South Korea were probably expecting yet another encounter with their bogey opponents Iran, yet instead, they are about to face Iraq in what might be tagged as a re run of the 2007 Asian Cup semi final. What should the Taeguk Warriors do to avoid another semi final failure?
Control the middle of the park, overwhelmingly
Yaser Kasim is suspended, and that’s obviously a huge blow for Iraq. They are now without their one and only midfield conductor, so to speak, and so they suddenly have to rely on a somewhat unproven Osama Rashid, who’s still a ball playing midfielder but also a “poor man’s Kasim“ at this stage of his career.
That’s exactly where South Korea have to take advantage; a complete advantage, I’d like to stress. Ki Sung-yueng and Park Joo-ho have been mainstays for Uli Stielike in this injury ridden side, while they both bring an unique mix of great passing range and resilience to the table. Especially in Ki’s case, lots of people seem to be forgetting about his physical presence and how utterly dominant he can be, not just in terms of keeping the ball running.
Hence, the South Korean double pivot simply has to own the Iraqi one in Sydney, and they both also have to make sure that majority of the ball possession they’ll most certainly enjoy is utilised well.
We saw it against Uzbekistan: when South Korean opponents have a strong commander in the heart of their midfield line (Ahmedov) and are willing to act aggressively, or even commit some rather nasty tackles/fouls in the early goings, then The Taeguk Warriors very much lose the ground under their feet.
That can’t repeat again. South Koreans need to impose themselves on Iraqis – and do it right from the start without any easing off as the game wears on.
Exploit the Iraqi left-hand side
In the first appearance at the tournament, South Korea clearly targeted the Omani right hand side as the Red Warriors were short of their first choice right back. And this strategy didn’t exactly work: Son Heung-min was a bit overloaded, and as a result, he finished the match in a state of mild frustration.
This time around, I’d recommend South Korea to focus on the other side, for a change, and exploit the fundamentally flawed Dhurgham Ismail. Yes, the 20-year-old is certainly a talented boy, but at this point, his defensive play leaves a lot to be desired.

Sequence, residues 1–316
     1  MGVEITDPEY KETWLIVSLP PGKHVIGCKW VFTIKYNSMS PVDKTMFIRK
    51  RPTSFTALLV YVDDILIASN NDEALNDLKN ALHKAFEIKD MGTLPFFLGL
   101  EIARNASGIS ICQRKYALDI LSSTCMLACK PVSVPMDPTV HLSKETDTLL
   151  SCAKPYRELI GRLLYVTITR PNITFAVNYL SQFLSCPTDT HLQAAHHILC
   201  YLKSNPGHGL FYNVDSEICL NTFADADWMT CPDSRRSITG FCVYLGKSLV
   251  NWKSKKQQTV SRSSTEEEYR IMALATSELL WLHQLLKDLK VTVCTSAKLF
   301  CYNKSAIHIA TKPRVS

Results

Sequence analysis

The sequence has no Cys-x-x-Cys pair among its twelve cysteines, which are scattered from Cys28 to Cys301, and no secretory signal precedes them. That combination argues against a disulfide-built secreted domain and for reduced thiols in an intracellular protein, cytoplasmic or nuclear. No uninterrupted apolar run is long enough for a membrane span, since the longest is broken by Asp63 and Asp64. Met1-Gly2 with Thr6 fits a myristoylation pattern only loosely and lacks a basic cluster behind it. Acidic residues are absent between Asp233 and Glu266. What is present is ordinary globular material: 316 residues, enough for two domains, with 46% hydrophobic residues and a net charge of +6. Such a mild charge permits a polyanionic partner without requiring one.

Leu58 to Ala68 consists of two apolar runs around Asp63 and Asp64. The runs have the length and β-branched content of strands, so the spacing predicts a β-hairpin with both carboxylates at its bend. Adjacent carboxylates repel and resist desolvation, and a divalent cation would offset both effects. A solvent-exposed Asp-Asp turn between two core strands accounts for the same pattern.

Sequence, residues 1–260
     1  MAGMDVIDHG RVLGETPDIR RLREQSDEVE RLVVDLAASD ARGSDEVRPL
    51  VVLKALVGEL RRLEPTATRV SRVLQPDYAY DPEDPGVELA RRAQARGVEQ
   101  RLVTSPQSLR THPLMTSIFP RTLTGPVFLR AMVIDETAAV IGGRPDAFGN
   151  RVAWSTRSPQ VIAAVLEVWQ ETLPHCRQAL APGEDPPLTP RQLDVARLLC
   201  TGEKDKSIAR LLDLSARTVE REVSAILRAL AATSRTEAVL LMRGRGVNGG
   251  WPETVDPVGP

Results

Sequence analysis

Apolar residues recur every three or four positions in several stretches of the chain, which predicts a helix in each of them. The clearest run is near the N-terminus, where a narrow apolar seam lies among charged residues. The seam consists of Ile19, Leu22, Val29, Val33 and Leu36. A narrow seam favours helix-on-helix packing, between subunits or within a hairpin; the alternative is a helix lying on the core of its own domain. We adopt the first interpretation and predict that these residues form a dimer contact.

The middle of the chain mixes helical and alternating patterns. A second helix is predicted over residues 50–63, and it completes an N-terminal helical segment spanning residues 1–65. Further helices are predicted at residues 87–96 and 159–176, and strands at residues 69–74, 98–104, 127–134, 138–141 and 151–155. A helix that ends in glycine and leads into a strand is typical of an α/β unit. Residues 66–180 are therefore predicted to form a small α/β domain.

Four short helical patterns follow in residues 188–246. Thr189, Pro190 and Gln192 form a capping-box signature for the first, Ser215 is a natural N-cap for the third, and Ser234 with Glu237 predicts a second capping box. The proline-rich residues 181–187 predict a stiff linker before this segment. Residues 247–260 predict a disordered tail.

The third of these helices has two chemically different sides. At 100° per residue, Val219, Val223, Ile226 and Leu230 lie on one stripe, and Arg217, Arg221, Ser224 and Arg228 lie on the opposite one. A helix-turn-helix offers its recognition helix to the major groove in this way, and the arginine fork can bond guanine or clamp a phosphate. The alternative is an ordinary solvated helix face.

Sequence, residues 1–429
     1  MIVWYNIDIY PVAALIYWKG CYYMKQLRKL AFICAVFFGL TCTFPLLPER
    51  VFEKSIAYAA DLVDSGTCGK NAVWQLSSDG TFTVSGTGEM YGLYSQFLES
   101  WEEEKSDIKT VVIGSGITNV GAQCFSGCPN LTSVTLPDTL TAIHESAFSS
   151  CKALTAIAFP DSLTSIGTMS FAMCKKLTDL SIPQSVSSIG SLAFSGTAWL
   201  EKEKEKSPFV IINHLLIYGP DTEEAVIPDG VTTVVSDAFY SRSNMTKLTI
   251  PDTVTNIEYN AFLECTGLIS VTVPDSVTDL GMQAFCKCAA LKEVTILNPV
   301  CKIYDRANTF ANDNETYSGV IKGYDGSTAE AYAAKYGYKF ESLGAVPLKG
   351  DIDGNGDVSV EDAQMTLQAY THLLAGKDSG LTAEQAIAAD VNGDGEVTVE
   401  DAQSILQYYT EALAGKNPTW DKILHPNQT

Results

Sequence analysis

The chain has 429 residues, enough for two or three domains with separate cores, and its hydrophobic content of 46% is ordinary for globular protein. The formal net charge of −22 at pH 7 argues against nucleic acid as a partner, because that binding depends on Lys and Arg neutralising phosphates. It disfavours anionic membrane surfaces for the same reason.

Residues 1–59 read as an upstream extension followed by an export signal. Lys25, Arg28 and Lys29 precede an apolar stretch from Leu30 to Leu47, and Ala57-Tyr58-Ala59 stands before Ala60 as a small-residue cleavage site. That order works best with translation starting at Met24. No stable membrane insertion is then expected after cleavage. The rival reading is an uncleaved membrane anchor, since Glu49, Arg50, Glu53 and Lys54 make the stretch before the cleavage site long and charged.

He often engages way too high up the pitch, following his right wing opponent literally everywhere he goes, tackling him rashly and even jumping in to some meaningless air battles. After all, these actions of Dhurgham’s led to Azmoun‘s opening goal in the quarter final.
He’s obviously not mature enough yet and what’s most important here is that Uli Stielike surely has all the resources required to make Iraq pay.
First off, the German coach must drop the ever dull, conservative Kim Chang-soo and replace him with Cha Du-ri. As prudent as Stielike‘s latest plan was to save the veteran right back for the latter stages, there’s simply no need for such tinkering now. Cha Du-ri has already got plenty of rest throughout the tournament.
Secondly, there’s Lee Keun-ho and his perfect suitability to drag a left back across the pitch and open up some free pockets on the right-hand side. Lee Keun-ho is a tireless runner, and although he still lacks outright quality and remains a poor finisher, he can do wonders to South Korea’s build-up.
Therefore, if targeted properly by Stielike’s men, this particular touchline may prove to be a highway to hell for Iraq.
Make set pieces count
It might look strange at first sight to list set pieces as a potential South Korean strength, but in fact, it’s pretty basic math really.
Iran scored twice from set pieces against Iraq, and they were already down to ten men by then. This esentially means the Lions of Mesopotamia had less threat to deal with, and yet, they failed to do so rather spectacularly. Also, you can add the first goal to the mix since Azmoun at least scored from a header, to only confirm Iraq truly aren’t the strongest team in the air.
More so, while Iran had one efficient Andranik Teymourian in the quarter finals, South Korea can easily benefit from deliveries produced by numerous players – most notably by the star man Son Heung-min, but we shouldn’t forget about Ki Sung-yueng and Kim Jin-su, too. They all seem to be capable of coming up with a dangerous free kick or corner kick, as they did against Uzbekistan when South Korea indeed showed some surprising consistency on dead ball situations.